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    Is Dendrite-free Li Sufficient for Next-generation Lithium Metal Battery Technology?
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    Update time: 2020-05-06
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    Lithium metal battery (LMB) is a rechargeable battery using high specific-capacity lithium as an anode. It can potentially break the specific energy-density bottleneck of the current lithium ion battery technology due to its high energy-density property. However, the formation of dendrite at lithium metal anode limits the application of LMB. As a result, achieving non-dendritic Li deposition is generally believed to be a prerequisite for the successful commercialization of LMB.

    Although a great deal of research aiming at dendritic-free Li plating has been conducted and a variety of strategies to prevent Li dendrite formation have been published. Nevertheless, the following question arises: are dendrite-free Li based anodes sufficient to propel the LMB technology from laboratory research to massive industrial commercialization?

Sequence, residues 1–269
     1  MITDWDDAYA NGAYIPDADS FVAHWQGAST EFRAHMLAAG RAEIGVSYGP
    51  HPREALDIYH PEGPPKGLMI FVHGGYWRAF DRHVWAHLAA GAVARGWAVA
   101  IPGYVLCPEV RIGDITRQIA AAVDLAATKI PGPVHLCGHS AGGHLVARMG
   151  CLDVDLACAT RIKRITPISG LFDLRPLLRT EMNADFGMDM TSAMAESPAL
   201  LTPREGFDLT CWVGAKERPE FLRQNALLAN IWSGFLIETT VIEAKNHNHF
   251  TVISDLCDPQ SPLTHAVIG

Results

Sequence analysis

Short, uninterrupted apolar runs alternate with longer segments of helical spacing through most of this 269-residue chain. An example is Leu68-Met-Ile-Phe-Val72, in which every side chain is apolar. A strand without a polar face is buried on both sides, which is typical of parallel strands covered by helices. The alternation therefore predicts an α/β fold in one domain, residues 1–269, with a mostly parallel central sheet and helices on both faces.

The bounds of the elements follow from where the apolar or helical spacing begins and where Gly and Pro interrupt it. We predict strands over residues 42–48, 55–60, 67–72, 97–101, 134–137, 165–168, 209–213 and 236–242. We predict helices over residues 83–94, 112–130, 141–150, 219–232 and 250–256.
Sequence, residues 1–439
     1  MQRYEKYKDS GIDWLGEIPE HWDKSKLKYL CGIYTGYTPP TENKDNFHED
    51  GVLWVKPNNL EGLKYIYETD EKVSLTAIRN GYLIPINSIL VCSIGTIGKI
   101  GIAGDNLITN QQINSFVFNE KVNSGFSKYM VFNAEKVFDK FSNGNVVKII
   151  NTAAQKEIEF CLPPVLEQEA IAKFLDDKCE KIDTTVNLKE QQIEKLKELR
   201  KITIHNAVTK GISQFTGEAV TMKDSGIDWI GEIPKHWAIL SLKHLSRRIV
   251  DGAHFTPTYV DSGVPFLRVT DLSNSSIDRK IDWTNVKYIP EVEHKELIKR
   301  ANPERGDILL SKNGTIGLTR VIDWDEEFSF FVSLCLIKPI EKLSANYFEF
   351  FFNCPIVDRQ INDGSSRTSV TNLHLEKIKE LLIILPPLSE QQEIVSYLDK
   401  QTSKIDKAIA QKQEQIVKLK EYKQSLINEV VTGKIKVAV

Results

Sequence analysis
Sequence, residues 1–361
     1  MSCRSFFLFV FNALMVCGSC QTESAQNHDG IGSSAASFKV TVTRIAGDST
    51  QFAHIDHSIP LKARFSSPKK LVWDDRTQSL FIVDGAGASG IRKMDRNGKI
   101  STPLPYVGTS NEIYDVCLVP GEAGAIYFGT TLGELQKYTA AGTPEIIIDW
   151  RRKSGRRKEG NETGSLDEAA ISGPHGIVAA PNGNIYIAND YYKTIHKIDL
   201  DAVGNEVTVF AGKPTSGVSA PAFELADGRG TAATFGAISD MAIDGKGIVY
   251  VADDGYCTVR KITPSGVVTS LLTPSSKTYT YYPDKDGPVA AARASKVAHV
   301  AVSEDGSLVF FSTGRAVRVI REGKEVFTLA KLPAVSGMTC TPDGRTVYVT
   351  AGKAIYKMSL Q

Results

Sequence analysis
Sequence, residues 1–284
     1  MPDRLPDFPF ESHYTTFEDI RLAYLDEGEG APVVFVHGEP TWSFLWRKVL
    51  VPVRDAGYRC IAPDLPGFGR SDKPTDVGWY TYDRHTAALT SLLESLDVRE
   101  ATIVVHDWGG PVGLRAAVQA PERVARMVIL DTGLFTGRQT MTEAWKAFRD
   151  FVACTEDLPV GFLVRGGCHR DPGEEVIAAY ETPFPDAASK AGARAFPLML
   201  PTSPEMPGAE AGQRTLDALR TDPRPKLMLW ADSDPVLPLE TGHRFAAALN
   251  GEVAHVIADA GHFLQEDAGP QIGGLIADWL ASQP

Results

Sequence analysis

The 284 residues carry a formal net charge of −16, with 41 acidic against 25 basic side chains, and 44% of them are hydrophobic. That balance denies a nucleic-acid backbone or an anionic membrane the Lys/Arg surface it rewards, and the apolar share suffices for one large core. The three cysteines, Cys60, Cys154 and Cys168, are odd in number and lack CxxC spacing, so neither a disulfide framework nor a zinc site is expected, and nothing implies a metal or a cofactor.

Toward this question, a research team from Qingdao Institute of Bioenergy and Bioprocess Technology (QIBEBT), Chinese Academy of Sciences (CAS) has recently published a short communication paper in Materials Today.

    In their previous work, the authors have studied the working principles and decaying mechanisms of LMBs. They found that the irreversible transformation of Li anode during electrochemical cycling was the root cause for the observed battery performance deterioration.

    On the basis of past studies, the authors revealed that eliminating the growth of the dendritic Li structure seemed not to be sufficient to propel the LMB technology from laboratory research to practical applications considering that other types of the electrochemically generated Li structures besides the dendritic structure had generated, instead.

    As a result, the authors suggested that considerable research effort was to be focused on studying the electrochemical nature of the generated Li structures, in addition to finding novel strategies to eradicate them.

    Fig.: A variety of electrochemically-generated Li morphologies. (Image by SUN Fu, DONG Shanmu)

    (Text by SUN Fu, DONG Shanmu) 

    Contact:

    CHENG Jing

    Qingdao Institute of Bioenergy and Bioprocess Technology, Chinese Academy of Sciences

    Tel: 86-532-80662647/80662622

    E-mail: chengjing@qibebt.ac.cn 

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